By Senior Airman Matthew Gilmore, 374th Airlift Wing Public Affairs
/ Published July 31, 2019
YOKOTA AIR BASE, Japan -- For a Catholic Priest, a vocation is the moment an individual feels the calling to serve God in the priesthood. That calling, as is life, is a journey. An endless web of paths laid out just waiting to be explored. The exact destination isn’t always known and it most certainly doesn’t come with step by step directions on how to get there. It is that fact that makes it so easy to get lost along the way, it happens to everyone. Whether pursuing the priesthood or one’s own goals, it is the trials and tribulations that accompany that journey which make getting to our destinations all the more satisfying.
For 2nd Lt. Tyler Harris and 2nd Lt. Madison Hayes, both Air Force Reserve Command chaplain candidates out of Robins Air Force Base, GA, their paths to the priesthood may have begun with a calling, but it is their respective journeys through life and service that has placed them each right where they need to be, firmly on the road to the light.
“I first felt the call to the priesthood at U.S. Air Force Basic Military Training in May of 2001,” said Harris. “I was attending Mass and in watching this chaplain inspire others it just hit me, this is what I want to do with my life. This man was taking struggling trainees and instilling hope in them and that hope had power. In that moment I knew God’s will for me was to have a positive impact on peoples’ lives just like that chaplain had had on my own.
“Immediately after the service I asked him what I needed to do to become a Catholic Priest and needless to say it was a pretty daunting task. It takes nine years of Seminary school and training to serve as a clergyman but nevertheless, he was the first of many people to encourage me to explore God’s invitation to serve.”
In continuing to explore that invitation, Harris would go on to interview and be selected for a chaplain’s assistant position straight out of BMT. While not the priesthood, it was still in the realm of helping others. His first assignment would be Rammstein Air Base, Germany, where he would go on to work at a chapel with one very heavily involved family, the family of a young Madison Hayes.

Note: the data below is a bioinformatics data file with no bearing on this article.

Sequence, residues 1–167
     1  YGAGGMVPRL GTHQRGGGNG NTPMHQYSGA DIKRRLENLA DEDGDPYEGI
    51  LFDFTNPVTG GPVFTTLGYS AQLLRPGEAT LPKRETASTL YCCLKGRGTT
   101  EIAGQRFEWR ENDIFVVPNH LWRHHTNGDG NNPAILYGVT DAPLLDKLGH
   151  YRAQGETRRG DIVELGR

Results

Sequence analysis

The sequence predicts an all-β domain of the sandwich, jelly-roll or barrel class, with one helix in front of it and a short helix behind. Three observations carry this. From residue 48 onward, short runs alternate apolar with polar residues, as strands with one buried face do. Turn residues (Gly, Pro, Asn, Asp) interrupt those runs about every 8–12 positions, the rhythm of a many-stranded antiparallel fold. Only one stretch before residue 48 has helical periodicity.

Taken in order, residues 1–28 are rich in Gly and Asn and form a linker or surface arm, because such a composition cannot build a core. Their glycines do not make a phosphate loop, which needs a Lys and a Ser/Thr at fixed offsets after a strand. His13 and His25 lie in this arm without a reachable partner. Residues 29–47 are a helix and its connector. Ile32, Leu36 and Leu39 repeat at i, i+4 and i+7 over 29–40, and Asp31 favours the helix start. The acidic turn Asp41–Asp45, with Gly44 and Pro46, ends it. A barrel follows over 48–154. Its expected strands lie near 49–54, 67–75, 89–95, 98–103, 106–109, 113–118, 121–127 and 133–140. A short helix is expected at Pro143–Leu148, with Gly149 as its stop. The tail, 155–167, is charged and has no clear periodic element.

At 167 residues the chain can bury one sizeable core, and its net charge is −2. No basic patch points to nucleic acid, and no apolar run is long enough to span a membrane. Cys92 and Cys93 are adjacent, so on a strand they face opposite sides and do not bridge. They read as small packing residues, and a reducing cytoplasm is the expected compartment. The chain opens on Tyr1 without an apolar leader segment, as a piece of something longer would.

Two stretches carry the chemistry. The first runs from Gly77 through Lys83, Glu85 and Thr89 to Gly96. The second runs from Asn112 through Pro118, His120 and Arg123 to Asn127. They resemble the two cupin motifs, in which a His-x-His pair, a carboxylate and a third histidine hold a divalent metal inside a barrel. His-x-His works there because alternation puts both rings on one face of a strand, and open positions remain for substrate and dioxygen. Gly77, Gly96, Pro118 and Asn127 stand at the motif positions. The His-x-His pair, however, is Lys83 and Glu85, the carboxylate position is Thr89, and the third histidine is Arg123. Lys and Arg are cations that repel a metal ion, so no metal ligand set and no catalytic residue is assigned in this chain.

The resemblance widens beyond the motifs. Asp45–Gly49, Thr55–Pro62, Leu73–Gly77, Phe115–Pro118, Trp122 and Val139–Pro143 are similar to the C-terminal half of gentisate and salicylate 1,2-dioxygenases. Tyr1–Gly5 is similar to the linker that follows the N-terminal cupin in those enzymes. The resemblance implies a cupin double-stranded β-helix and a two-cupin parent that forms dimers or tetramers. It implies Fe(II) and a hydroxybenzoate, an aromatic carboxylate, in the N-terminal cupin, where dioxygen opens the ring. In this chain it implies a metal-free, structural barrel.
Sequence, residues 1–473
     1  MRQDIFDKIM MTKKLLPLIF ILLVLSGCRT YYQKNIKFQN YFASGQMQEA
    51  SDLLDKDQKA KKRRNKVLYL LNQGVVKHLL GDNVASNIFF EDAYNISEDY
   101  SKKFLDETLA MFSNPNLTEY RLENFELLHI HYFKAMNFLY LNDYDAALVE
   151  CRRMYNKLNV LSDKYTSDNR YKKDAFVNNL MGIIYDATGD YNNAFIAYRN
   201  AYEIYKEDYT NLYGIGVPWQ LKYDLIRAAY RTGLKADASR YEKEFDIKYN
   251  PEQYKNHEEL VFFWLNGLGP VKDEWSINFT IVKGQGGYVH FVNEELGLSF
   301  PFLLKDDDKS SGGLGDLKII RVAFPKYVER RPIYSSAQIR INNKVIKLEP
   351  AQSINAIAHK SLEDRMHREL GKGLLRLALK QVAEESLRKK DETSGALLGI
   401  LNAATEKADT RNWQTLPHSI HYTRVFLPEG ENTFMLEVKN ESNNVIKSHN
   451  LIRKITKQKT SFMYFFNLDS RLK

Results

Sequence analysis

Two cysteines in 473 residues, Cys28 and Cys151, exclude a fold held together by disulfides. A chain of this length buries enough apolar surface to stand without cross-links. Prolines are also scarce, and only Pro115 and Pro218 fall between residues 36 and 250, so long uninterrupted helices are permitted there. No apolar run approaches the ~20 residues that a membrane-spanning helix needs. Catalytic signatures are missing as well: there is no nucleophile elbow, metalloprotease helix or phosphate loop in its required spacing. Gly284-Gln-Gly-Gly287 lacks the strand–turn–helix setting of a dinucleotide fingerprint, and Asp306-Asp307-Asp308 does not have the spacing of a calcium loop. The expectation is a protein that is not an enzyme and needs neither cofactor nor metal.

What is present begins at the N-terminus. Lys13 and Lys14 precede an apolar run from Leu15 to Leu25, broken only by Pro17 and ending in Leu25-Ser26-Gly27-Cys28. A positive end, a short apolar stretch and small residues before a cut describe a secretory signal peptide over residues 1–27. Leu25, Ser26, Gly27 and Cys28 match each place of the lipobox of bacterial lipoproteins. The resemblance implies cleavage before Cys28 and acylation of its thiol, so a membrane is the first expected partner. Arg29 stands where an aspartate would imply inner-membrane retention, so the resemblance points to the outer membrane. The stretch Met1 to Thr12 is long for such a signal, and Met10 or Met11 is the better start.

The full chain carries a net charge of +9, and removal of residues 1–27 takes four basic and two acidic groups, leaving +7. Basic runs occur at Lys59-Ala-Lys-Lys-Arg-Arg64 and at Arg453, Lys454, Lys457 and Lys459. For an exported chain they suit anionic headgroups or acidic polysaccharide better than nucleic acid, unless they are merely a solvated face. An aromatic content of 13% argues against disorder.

“Once I was at Ramstein Air Base Madison’s mother Karen really helped me learn what my role was as a chaplain’s assistant,” said Harris. “The Hayes family was incredibly involved in the church and they really took it upon themselves to make sure I was welcomed and settling in at my new home. Through our many times working together I had ample opportunity to talk with Mrs. Hayes about my aspirations of becoming a priest and she was always so encouraging about it. She would constantly tell me she knew I would be a priest one day and it really gave me the confidence to start Seminary and truly take my first few steps towards my dream.”
For Hayes, Ramstein was just the beginning. Through his family’s work with the chapel, Hayes himself was a part of the community and regularly attended events, one of which was a confirmation retreat that he now classifies as his calling to the priesthood.
“Much like Harris’ vocation, I felt my calling after watching our chaplain inspire and I wanted to have that same effect on people,” said Hayes. “After speaking with the chaplain about my invitation to serve God, my chaplain told me to continue praying on that calling and eventually the doors to that path would open up.”